The most determined players in the Banking-as-a-Service space are the ones that will be seeking to cast their net as wide as possible, looking for ways in which they can, according to a recent McKinsey report, “be all things to all people”. Or to put it another way, to meet the demands of a new consumer who wants effortless, efficient, fast transactions – whether that’s purchasing an airline ticket, a cab ride, a meal out, or a new home. It’s a very appealing proposition – if they get it right. Being able to provide complimentary financial products and services driven by access to account and transactions data means the ability to meet the customer where they are, with what they need when they need it. It’s a compelling opportunity which Banking-as-a-Service, open banking and good old APIs make possible. Here’s a sample of the ones quick off the starting block:

‘Pure’ Banking-as-a-Service Providers:

Born in 2016, Paris-based startup Treezor is an API-based white label core banking platform operating as a “one-stop-shop payment solution”. Facilitating payments management across a full range of transactions services – think P2P transfers, digital wallets, debit and credit cards, account management etc – for more than 50 fintech customers, this savvy startup is definitely one to watch.

Berlin-based startup SolarisBank provides its customer-base with the ability to “Build your own banking products with our API accessible banking as a service platform”. A banking platform with a full banking license, customers can offer their own financial products to digitally diversify and bolster service offerings. Digital banking, cards, SME and consumer lending, payments and virtual IBANs, the company recently launched their Digital Assets service to drive adoption of crypto and meet the demands of its financially savvy client-base.

Bankable is a London-based pure provider that’s been helping bring innovative payments solutions to a wide range of financial institutions, fintechs, and enterprise, with impressive results. From payments card programs, P2P transfers, and e-wallets to a virtual ledger management and digital banking solutions, Bankable is on a roll, recently partnering with Visa, then Plaid and opening a presence in Dubai to cover the burgeoning Middle-East and African financial sector.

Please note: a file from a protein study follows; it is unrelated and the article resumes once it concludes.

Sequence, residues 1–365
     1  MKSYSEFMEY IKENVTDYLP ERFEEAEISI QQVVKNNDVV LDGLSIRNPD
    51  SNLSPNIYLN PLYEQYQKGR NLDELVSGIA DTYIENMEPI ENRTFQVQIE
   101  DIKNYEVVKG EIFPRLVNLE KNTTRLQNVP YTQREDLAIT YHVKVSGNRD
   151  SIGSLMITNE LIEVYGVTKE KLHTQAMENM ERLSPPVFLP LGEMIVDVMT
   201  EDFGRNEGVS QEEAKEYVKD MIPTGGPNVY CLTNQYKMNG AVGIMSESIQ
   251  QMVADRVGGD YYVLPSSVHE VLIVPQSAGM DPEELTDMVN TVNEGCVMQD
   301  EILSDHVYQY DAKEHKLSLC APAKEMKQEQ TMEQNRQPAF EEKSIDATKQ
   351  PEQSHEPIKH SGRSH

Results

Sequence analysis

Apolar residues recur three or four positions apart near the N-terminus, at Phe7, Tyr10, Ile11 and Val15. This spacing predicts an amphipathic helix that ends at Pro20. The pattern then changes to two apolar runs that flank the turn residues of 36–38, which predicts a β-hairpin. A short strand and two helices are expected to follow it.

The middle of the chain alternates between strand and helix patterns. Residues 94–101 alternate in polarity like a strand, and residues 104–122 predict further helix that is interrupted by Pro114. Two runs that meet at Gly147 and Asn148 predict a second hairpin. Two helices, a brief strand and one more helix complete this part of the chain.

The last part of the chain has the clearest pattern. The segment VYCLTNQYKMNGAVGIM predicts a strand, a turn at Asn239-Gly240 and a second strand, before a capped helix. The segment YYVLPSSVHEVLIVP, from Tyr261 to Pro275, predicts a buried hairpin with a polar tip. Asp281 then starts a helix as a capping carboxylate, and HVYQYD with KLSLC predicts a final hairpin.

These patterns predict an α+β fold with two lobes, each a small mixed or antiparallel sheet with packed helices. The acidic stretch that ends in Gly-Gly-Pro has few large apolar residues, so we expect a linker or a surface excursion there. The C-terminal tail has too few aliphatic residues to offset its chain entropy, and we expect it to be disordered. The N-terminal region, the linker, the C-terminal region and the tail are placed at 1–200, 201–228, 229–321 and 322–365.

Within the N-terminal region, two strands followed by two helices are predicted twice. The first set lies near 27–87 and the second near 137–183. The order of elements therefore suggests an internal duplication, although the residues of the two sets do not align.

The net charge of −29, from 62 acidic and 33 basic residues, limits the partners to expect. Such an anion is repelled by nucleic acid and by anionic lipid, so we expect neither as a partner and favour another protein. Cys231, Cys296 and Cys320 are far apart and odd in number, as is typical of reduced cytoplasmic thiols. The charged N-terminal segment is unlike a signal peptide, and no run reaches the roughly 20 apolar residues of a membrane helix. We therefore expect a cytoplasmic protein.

Retail Banks leveraging Banking-as-a-Service

Starling Bank’s Banking-as-a-Service powered business model means customers like Raisin, Xero and and the UK Department of Work and Pensions can spin out their own portfolio of financial products and services, quickly, seamlessly and without the need to negotiate often complex procedures and costly infrastructure required for official banking status.

Challenger bank Fidor´s Banking-as-a-Service connects customers to its open banking platform, enabling them, in turn, to provide financial services to their own customers. Covering banking solutions that range from infrastructure and technology, to compliance and risk management, smart, simple finance solutions are the name of the game with this German financial innovator, currently making its own moves into new markets and carving a recognisable brand name for itself in the process. Expect more from the Fidor team in 2020.

First to launch a similar service stateside, BBVA delivers an ever-widening range of banking capabilities to companies keen to offer their own customer base access to financial products and services without the need to adopt full banking status themselves. Their much-lauded Open Platform initiative has seen them support clients around payments, identify and business verification, account origination and card issuance, all through intuitive, easy-to-use APIs. It’s frictionless banking at its best.


Banking-as-a-Service might only just be getting started, but it’s already banging the drum for a bright financial future. As more and more businesses join the movement, this burgeoning ecosystem of both pure BaaS and retail banks providing BaaS services means that we’re no longer needing to rely on the traditional roster of big banks to ‘do’ our finance. For those with the vision to imagine an open financial landscape where business operations and financial management tools can work seamlessly with each other to drive ever-more efficient, personalised, relevant financial services, for every business type and every customer persona, BaaS might just be the ‘killer app’ finance has been waiting for. Watch this space and contact us today if you’d like to understand how Banking-as-a-Service can drive commercial change within your organisation.